A: Thanks for writing in with your question. Living with someone with mental illness can certainly be difficult and comes with its own set of challenges. Have you attended any support groups, such as ones connected with National Alliance on Mental Illness (NAMI)? This may be helpful for you no matter what you decide to do about your marriage.
There are several things that concern me in what you have said. I believe that everyone has a right to privacy and their treatment should be their own, but it concerns me that your husband doesn’t want you involved at all and does not understand how his illnesses could impact your life. He is either very naïve or has something to hide.
Furthermore, you have stated that he is not invested in his own counseling, dismisses advice from your counselor and refuses to speak in couples counseling. It appears to me that he is either in denial of the marital problems or doesn’t care enough to try to fix them. Either way, if you don’t put your foot down, things will continue on this path.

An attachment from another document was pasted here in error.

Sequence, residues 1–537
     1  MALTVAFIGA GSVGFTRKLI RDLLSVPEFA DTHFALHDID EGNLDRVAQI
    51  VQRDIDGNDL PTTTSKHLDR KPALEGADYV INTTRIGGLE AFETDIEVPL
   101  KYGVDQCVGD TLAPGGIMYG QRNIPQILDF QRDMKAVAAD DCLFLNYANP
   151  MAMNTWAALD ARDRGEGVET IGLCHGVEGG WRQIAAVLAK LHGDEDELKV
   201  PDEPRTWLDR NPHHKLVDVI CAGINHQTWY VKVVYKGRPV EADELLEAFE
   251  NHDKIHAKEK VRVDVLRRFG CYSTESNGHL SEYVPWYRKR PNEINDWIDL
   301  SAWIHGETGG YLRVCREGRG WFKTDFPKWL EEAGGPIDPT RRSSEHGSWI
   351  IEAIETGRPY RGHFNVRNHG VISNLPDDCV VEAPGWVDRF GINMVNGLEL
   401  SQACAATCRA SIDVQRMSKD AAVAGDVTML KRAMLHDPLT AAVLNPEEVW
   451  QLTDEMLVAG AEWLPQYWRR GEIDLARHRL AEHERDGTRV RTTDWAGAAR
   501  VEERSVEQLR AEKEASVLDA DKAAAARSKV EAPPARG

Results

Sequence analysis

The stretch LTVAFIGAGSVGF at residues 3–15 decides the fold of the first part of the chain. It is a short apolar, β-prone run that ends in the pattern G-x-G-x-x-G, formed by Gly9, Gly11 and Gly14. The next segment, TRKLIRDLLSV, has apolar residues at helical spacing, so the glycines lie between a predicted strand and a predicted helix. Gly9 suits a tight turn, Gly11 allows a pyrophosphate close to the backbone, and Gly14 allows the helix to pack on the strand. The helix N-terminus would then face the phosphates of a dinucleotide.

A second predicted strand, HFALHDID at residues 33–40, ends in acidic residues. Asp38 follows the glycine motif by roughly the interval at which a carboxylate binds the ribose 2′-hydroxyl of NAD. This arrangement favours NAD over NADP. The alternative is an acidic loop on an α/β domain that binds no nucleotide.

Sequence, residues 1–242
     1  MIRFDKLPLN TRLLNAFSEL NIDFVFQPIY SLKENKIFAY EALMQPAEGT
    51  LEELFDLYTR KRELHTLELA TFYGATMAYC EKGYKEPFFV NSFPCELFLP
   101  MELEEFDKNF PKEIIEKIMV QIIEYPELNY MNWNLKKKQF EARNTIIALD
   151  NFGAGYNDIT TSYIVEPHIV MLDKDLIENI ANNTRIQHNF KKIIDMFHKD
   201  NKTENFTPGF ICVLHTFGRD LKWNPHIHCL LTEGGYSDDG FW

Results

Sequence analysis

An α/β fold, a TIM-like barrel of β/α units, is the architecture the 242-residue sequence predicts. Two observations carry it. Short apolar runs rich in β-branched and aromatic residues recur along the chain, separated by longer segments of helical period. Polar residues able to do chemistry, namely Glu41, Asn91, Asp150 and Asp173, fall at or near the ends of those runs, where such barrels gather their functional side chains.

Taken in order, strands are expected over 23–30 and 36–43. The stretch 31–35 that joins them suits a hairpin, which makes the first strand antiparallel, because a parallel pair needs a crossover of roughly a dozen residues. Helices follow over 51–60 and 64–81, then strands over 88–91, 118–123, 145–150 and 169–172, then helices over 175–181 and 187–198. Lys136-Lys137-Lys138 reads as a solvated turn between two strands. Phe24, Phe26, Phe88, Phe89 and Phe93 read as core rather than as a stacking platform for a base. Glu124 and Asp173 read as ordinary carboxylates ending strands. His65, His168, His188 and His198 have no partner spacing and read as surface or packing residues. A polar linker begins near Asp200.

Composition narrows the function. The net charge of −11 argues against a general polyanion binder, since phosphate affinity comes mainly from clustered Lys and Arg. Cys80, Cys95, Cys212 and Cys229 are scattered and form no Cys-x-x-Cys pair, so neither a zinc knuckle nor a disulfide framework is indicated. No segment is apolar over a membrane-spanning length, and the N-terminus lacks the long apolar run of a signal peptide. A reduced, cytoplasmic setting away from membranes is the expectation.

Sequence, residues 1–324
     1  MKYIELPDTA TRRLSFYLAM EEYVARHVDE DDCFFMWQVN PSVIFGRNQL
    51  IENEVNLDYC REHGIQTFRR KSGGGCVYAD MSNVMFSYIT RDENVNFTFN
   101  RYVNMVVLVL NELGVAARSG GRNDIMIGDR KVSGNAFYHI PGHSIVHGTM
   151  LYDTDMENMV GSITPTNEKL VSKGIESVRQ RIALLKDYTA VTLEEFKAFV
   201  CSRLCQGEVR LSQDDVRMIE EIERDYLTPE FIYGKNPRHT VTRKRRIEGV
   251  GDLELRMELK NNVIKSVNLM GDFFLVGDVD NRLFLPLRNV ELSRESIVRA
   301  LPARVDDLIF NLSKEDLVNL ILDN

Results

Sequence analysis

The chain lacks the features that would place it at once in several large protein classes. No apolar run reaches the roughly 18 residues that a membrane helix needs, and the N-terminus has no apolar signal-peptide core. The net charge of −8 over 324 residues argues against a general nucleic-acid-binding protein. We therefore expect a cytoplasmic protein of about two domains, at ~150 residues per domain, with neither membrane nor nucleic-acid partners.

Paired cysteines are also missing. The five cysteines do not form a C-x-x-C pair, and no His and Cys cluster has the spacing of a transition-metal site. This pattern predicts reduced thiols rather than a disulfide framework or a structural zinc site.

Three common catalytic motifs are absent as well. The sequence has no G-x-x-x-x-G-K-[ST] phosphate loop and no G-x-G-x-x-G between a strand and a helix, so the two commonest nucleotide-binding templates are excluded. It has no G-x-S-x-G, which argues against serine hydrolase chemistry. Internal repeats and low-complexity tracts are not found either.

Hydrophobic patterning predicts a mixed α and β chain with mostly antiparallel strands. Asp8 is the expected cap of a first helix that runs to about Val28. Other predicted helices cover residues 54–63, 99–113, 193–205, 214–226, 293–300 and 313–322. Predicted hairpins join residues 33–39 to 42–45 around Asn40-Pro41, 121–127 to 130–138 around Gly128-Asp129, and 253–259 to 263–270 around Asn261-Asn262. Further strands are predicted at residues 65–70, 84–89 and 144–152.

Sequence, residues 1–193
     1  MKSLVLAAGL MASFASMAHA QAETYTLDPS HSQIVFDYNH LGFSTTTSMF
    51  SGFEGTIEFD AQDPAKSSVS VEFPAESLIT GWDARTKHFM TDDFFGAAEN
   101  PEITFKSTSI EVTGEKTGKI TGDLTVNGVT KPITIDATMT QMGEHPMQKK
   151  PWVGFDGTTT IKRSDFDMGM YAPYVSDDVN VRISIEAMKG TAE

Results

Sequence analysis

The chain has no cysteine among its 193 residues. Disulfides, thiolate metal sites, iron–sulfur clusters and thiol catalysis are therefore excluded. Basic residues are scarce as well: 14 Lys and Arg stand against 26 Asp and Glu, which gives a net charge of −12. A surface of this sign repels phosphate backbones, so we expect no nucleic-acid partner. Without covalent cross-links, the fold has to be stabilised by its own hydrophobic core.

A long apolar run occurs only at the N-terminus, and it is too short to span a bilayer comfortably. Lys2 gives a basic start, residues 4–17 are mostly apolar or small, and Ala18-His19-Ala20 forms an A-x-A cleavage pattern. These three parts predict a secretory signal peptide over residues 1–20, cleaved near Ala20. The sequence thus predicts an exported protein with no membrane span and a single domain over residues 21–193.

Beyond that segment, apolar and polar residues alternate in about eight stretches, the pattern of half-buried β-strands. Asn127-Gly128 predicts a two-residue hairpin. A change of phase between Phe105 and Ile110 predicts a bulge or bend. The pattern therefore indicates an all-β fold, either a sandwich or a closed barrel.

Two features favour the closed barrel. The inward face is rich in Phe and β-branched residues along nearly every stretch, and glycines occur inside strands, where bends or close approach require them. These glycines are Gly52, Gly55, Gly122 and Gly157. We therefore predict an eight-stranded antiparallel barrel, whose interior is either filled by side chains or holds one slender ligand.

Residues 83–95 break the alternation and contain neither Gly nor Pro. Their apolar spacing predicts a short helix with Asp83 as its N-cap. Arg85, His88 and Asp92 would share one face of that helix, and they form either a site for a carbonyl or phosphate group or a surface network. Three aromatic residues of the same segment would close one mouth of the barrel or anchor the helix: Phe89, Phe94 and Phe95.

My advice would be to have several consultations with divorce attorneys, especially considering the international issues that might apply, so that you know more fully where you stand legally. In the meantime, if you are up for it, I’d approach him one more time and ask him to attend couples therapy with you. Sometimes an ultimatum is necessary, such as, “I’ve been in touch with an attorney and I am prepared to leave you but would like to give marital therapy one more try.” It might be helpful to allow him to pick the counselor so he feels he has some control in the process.
If he once again refuses to go with you or does not follow through consistently, you have nothing to feel guilty about. You wouldn’t be leaving because of his illness; you would be leaving because he is unwilling to work on the marriage. And honestly, based on what you have said here, I’m not even sure you owe him one more try. I hope it all works out for you no matter what you choose.
All the best,
Dr. Holly Counts